Creating a More Equitable City through Mobility

City of Atlanta Policy Agenda: Transit & Affordability Recommendations


Transit Access

Atlanta City Council holds MARTA accountable to adopt an equitable transit fare structure and ensure stations are accessible to people using wheelchairs, walking, and biking.

Unbundle Parking

City of Atlanta unbundles parking from rents — requiring that parking be charged separately — and eliminates minimum parking requirements for developments throughout the city, not just Downtown or Midtown.

Prioritize Equitable Transit-Oriented Development

City of Atlanta Department of Planning prioritizes Equitable Transit-Oriented Development in its Comprehensive Development Plan.

Invest Atlanta Utilizes Equity Evaluator

City of Atlanta requires Invest Atlanta to use the Equity Evaluator Tool developed by TransFormation Alliance when allocating public funds for developments.

Zoning Code

City of Atlanta updates its zoning code to allow for more flexibility in what kinds of housing gets built, to allow more people to live near transit and to fix exclusionary zoning policies.

Bike Share Access

Atlanta Department of Transportation relaunches city bike share program to provide affordable first- and last-mile access to transit, especially in communities with low rates of car ownership.


Prioritize Affordable Housing Near Transit

City increases available funding for affordable housing, especially near transit, and MARTA increases quantity and affordability of housing required for Transit-Oriented Developments.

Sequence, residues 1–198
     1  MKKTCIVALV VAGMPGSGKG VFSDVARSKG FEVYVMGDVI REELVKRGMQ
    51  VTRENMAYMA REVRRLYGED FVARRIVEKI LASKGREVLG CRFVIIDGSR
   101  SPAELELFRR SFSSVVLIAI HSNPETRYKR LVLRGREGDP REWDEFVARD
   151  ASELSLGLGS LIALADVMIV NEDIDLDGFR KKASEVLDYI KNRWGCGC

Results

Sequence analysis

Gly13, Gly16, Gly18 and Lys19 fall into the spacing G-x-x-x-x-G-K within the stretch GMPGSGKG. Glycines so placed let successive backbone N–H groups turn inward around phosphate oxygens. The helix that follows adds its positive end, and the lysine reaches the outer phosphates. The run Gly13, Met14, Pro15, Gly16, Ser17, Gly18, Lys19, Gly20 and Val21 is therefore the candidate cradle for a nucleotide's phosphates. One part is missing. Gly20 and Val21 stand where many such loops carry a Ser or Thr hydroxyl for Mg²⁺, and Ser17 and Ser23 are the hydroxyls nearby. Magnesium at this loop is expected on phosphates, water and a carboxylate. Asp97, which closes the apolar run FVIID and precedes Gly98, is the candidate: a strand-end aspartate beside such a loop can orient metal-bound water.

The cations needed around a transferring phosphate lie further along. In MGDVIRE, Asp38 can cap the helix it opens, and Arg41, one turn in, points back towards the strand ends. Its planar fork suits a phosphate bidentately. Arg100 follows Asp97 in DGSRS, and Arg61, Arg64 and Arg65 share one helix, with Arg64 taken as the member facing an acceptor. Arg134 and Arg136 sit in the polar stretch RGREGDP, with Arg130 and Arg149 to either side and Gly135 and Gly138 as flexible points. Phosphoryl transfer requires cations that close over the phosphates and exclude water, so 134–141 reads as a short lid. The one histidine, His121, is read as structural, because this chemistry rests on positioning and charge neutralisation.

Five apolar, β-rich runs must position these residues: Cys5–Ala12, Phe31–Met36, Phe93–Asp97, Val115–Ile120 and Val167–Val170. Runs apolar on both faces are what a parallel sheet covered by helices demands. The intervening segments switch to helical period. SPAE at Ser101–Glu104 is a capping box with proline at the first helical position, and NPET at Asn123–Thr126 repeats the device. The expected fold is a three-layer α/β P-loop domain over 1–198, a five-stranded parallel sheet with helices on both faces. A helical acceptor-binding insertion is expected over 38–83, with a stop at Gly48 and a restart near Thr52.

Public transportation, or transit, is a public good — it benefits everyone, even people who don’t use it. Transit cuts down on traffic, helps employees get to work on time, and uses less space than parking in cities where land use is at a premium. For those who rely on it or use it occasionally, public transportation is less expensive than car ownership, provides more chances for social interaction than sitting in traffic, and is the safest way to travel. Atlanta’s severe lack of solid transit options is a major barrier to economic and cultural development. It also hinders our ability to become more resilient in the age of climate change.

Sustainable transportation modes — biking, walking, riding transit, running, or using wheelchairs, strollers, skateboards, or scooters — are less expensive than owning a car. Yet the cost of driving is often built into other goods and services. Because Atlanta’s housing sector continues to grow more expensive and more burdensome on people’s budgets, we are looking for ways transportation policy can lower the cost of housing. When people are less burdened by housing costs, they are able to dedicate more resources to invest in their community's ability to thrive, whether that's supporting local businesses or freeing up more time to participate in community engagement processes.